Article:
In Denmark I often trained in the field with owners of the German breeds and the Brittany. Many of them were excellent hunting dogs with very good bird work. But I still don’t find the thrill to see them work, like we do with a high flying pointer or setter. Of course they must also be efficient and polished in their work and for sure it’s a cliche about comparing work horses with Thoroughbreds. But when you have a fully trained pointer or setter there is so much potential to be released. If you don’t seek that kind of thrill of the most athletic of sports dog, there is nothing wrong with being satisfied with a well bred German shorthair or wirehair. Or as my late friend Leon Mortensen described in his book “Bird Dogs Yesterday, Today & Tomorrow”, the first generation cross between an English pointer and Labrador might be the perfect hunting dog in New Zealand conditions. If you do a lot of hunting in thick gorse it might be more practical with a field cocker.
Here in New Zealand I have gone through the same retrieving regime as I did with the dogs in Denmark. The first one was actually a German Shepherd called Hogan who I looked after my first six months in the country and took through a full obedience program as well as retrieving. Wingfield Warrior (Quinn) got a lot of drilling and became superb at it. So far he is probably the best I’ve had. Lapphaugen’s Moulin was such a strong dog and impressed more in sheer power (like carrying fully grown turkeys up steep hills or grabbing possums). Her daughter Bella showed more of the brilliance like her father Quinn. Now in early 2022 it’s young Bentley who is being prepared for the upcoming season.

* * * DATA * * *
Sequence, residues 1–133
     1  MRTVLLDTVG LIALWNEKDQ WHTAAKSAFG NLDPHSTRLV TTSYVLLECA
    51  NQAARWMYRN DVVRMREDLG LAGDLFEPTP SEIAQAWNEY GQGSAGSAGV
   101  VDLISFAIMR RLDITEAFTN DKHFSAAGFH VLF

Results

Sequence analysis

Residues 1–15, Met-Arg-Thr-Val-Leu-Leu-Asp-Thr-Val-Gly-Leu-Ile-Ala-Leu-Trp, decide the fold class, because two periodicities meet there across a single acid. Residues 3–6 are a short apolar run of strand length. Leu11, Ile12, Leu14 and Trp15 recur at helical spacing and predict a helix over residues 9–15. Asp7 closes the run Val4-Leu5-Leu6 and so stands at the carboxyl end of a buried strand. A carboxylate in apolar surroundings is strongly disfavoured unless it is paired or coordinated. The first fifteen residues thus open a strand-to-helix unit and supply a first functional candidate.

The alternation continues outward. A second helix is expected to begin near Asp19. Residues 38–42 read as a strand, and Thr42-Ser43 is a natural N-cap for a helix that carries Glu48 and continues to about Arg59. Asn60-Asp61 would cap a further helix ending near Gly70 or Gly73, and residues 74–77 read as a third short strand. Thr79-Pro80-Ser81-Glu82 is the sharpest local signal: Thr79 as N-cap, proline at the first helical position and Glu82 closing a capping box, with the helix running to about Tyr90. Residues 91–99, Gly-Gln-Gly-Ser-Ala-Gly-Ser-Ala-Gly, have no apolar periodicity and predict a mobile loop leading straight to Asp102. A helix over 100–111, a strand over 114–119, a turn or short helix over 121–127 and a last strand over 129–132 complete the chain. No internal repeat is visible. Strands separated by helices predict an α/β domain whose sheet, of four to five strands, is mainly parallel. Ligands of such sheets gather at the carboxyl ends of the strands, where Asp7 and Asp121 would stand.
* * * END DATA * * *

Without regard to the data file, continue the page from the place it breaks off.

Pictured above are two pictures I took of my Norwegian mate Geir B. Larssen and Agertoften Jalco in 2004. Jalco was a litter brother of Sonja that I had, who Jørgen Andersen ran while I ran Sonja and Isabella. Jalco was an excellent dog who became a Danish FTCh before we sent him up to Geir in North Norway. He also did well in Norwegian mountain trials, autumn and winter. In the pics above Geir has just shot a ptarmigan that is being retrieved by Jalco. (Jørgen named him Jalco, after having been amused by my story of a basic energy drink/meal that my grandfather used to make when we were tramping in remote mountain areas. He had simply given the drink the name Jalco.)
Also pictured above left is Geir on a visit to NZ in January 2008, enjoying a pipe and a Macallan, and right he is in February this year, after a 1st/CK in a Championship trial with Barentsviddas E Little Wing (Barentsviddas C Nansen – Barentsviddas D Wind Cries Mary). The two middle photos I took of Little Wing when she was 6 months old in July 2017. He also has a talented younger pointer called Barentsviddas F Hey Joe, from Wind Cries Mary’s 2019 litter with the French dog Led-Zep de l’Azur et Or (Mose del Sargiadae – Ekta de l’Azur et Or).